3 comments:

Jules Plumadore said...

Bill, this post gets to the heart of why I read your blog. I found it several months back and read through the archive in pretty short order (although, goddamn, that white on black really does a number on my eyes). I think this is the first time I've commented. It probably won't be the last.

If you and I were to sit down over drinks someday, we'd probably argue a lot about politics. Which, you know, is fine. Because regardless of our respective political positions, at the end of the day, we are absolutely in the same place when it comes to literature and film.

I've wrestled a lot with the stuff you talk about in this post, and here's where I wound up: anything being published today that's worth reading will last. It isn't my job to vet it. Meanwhile, there are works of the past languishing for readership that may well be forgotten if people like us don't read them. That goes for Russell Kirk (whom I love), that goes for Jean Ray, that goes for Walter de la Mare and dozens of other writers who simply don't get read anymore. As far as I'm concerned, there's nothing to apologize for here. Anything current that's great will be around for us to read in years to come. In the meantime, we're doing good work by circulating unduly forgotten writers of the past.

I know you're going to be gearing up soon for October. If I can make a suggestion, I'd like to see you do something on H. Russell Wakefield; I don't recall you blogging on him specifically (although I may have missed it). My personal favorite of his is "Immortal Bird", which I think is remarkable, though his work in general is great. Alternatively, I'd love to see you do something on the Benson Brothers, especially A.C.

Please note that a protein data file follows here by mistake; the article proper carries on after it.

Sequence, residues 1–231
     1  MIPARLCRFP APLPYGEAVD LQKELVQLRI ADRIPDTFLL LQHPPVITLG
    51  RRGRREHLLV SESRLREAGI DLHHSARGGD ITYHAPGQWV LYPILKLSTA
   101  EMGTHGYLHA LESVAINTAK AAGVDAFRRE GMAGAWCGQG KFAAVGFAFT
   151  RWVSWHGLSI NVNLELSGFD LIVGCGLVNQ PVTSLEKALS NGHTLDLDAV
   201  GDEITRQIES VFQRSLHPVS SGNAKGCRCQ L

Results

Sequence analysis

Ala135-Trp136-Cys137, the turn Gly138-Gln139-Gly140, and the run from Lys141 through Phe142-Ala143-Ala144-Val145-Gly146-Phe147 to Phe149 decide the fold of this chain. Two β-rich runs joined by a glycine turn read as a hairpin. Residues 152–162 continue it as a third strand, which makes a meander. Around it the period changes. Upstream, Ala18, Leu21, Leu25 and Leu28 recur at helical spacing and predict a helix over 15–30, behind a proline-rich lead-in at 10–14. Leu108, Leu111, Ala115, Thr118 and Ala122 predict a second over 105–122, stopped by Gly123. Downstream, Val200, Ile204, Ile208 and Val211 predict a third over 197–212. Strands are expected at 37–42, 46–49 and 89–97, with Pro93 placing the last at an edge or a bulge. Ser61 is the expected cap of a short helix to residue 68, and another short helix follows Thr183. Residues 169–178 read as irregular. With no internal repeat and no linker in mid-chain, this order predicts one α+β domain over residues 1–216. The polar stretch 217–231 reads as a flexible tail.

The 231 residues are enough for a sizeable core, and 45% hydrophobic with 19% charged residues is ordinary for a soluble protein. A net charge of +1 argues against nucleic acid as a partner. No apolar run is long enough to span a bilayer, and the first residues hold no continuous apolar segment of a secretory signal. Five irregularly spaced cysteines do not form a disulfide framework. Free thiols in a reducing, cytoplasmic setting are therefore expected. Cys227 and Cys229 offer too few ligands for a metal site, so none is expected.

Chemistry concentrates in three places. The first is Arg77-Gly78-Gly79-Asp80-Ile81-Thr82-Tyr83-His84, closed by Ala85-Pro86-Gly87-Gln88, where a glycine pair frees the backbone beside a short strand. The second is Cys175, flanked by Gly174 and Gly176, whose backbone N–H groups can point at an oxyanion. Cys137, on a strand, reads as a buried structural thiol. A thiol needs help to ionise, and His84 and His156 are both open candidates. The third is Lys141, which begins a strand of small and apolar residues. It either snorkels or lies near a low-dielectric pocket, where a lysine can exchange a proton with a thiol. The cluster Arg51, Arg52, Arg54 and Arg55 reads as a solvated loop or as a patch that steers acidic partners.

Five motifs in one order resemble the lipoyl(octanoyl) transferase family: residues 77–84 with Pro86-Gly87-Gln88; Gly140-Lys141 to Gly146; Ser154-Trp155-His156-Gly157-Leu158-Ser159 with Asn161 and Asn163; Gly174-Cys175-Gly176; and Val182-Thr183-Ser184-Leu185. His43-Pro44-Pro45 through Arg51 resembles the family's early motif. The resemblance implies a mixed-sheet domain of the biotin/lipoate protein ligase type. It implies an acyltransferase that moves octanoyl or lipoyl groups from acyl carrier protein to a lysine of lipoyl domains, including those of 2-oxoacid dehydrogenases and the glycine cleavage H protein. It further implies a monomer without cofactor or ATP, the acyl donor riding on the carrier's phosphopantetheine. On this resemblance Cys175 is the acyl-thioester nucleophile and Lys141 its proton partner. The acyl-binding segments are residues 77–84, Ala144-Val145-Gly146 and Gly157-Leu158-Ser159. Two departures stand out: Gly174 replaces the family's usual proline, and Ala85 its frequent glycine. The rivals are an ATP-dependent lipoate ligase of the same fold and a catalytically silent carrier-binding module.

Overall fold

Thanks for keeping the torch lit for writers no one else bothers to read anymore. It's a worthy service, believe me.

bill r. said...

Well thank you, Jules. A lot of where I'm coming from here, and if I hadn't been writing this so off-the-cuff I might have thought about saying this, stems from the bullshit notion, held by many, that if a book has been forgotten then it must not have been that good to begin with. History has decided, or whatever. Meanwhile, there are writers like Charles Portis who have survived only because people like Ron Rosenbaum fought against history, which had apparently decided Portis deserved to be forgotten.

So I'm not apologizing, really. It's just that cutting yourself off from the literature being published Right Now (which I'm not entirely doing, but anyway) does strike me as shutting off, to an extent. But my interests are my interests, and all that.

And of course, anything that's great now may or may not be around when I'm ready to read it. Depends on history, I guess. But we'll cross that bridge when we come to it.

And sorry about the white on black! I like it, though!

John Magwitch said...

Wakefield is an interesting name. His "Blind Man's Buff" is a neat little gem of a ghost story, and can probably be found in dozens of easy-to-find old horror anthologies, but most of his others seem hard to come by. With any luck there'll be an affordable new edition of his short stories available one day.